That was his view five years ago. Darragh O’Brien is now Minister for Housing. Not much has changed. But the government now accepts that housing is the most important social issue facing our country. Well, at least the Taoiseach, it’s not entirely clear where he sits in the Fine Gael hierarchy. O’Brien has another housing plan, Housing for All. All parties in the coalition have joined it. Apparently.
Leo Varadkar will be Taoiseach again in two months. Fine Gael seems to think this is an opportunity to assert her authority over all aspects of government, including the flagship policies already in place. It’s likely that Simon Harris will be next in line, raising his frown to advise Stephen Donnelly on how to handle all those cars in our emergency rooms during the winter months.
Suddenly Fine Gael decided that the housing crisis needed a bit of urgency and is full of clever ideas. Housing for everyone is not happening fast enough. The party that has ruled the country for the past decade and whose own efforts have been so ineffective in dealing with the housing crisis now believes it has a cunning plan. The otherwise sane Heather Humphreys is also on a bloodlust and wants the income limit for social housing eligibility to be raised. O’Brien has just completed a social housing review that aims to say just that. Fine Gael wants to take credit for something that has already happened. It doesn’t matter that they can’t deliver houses for those who are already on the list.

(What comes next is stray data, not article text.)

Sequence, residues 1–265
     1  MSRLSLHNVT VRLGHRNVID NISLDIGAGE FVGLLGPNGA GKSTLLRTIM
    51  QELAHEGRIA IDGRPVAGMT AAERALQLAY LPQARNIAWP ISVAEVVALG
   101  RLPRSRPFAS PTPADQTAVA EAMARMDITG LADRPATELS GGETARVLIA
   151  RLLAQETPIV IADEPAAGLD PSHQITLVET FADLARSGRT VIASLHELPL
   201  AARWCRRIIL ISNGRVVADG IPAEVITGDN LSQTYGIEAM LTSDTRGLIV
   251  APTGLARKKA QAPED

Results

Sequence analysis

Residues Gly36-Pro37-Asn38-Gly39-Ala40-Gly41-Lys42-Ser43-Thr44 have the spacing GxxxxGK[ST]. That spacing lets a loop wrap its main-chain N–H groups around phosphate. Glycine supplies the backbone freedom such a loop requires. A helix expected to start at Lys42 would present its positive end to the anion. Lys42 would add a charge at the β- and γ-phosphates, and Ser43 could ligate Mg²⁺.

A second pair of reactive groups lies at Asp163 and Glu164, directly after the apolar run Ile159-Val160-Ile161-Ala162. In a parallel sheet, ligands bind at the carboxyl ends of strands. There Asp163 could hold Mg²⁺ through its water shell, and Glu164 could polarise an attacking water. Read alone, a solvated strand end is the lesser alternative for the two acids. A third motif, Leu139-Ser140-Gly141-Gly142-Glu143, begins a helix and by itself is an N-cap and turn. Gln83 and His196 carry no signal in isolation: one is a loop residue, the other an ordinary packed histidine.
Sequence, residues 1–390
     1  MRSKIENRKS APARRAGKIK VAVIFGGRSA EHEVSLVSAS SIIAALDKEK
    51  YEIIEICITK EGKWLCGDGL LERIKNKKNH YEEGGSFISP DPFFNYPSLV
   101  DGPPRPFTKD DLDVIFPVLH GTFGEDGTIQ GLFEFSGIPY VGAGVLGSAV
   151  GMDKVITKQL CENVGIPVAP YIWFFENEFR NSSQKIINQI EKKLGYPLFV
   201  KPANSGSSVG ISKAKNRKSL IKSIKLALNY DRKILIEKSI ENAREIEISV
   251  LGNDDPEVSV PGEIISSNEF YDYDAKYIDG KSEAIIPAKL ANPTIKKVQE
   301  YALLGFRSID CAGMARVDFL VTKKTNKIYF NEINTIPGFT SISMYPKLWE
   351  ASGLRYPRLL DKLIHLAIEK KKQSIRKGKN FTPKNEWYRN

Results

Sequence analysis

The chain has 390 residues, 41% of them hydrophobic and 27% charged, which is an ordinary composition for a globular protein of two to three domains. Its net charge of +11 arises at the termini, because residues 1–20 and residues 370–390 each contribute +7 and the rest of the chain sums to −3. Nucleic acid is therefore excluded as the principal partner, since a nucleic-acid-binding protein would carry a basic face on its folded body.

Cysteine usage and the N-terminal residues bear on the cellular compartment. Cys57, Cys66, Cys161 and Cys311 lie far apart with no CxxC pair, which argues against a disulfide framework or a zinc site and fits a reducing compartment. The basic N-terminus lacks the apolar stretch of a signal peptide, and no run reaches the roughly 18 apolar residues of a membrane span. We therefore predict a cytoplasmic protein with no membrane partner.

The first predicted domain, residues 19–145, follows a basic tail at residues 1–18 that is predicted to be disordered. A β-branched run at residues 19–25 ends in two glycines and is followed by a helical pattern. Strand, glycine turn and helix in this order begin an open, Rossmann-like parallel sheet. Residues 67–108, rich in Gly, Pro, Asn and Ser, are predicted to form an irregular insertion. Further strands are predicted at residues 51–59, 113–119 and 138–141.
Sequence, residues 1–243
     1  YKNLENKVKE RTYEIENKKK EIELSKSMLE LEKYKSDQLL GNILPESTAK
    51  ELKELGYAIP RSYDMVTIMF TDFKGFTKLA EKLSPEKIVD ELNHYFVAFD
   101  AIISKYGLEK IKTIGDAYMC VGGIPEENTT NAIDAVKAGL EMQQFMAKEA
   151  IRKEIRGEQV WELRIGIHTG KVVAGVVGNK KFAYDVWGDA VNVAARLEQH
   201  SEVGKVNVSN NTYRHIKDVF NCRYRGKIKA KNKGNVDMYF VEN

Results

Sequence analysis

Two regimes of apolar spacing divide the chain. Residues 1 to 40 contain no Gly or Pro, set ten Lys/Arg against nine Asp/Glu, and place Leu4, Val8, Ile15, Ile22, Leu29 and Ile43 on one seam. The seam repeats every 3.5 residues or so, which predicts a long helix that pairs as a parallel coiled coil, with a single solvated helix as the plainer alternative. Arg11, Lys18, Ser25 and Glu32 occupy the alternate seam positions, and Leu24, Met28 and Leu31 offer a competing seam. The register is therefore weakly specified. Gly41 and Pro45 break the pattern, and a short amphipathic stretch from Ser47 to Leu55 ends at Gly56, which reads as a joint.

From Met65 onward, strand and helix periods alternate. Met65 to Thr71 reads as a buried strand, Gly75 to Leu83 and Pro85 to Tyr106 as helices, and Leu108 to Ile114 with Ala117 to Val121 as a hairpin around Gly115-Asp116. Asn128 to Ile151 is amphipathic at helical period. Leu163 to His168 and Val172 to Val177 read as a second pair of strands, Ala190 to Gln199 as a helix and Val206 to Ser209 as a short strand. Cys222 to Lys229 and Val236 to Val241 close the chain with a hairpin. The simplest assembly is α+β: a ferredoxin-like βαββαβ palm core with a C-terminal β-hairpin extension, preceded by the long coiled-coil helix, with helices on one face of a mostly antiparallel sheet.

It’s about addressing the Fine Gael base, which is the smallest it has been in 75 years. Not to mention the impression this leaves on the general public of a dysfunctional government that is more interested in scoring internally than finding solutions together. Undermining the pioneering policy and implementation by the coalition minister does not look good. The civil war parties still consider themselves to be each other’s greatest enemies. You are not. The voters have long since brought them together.
When it came to the social problems of housing and health, Fine Gael had its chance in the last 11 years and failed. Indeed, the party has a commendable record in business. At a time when the actions of zealots in the Conservative Party are ruining a once admired nation, a message needs to be sent to the public about the dangers of tinkering with taxes and fiscal policy. There is an opportunity to warn voters to be careful about what they wish for and that without responsible political management, the fruits of their labor can easily turn sour.
Instead, the coalition’s future leaders are coming up with high-profile ideas. Why don’t they just give Sinn Féin the keys to government buildings? It’s what they seem determined to do anyway.
https://www.independent.ie/opinion/comment/simon-coveney-doesnt-do-irony-as-fine-gael-undermines-foundations-on-housing-42070978.html Simon Coveney is not ironic – how Fine Gael is undermining the fundamentals for housing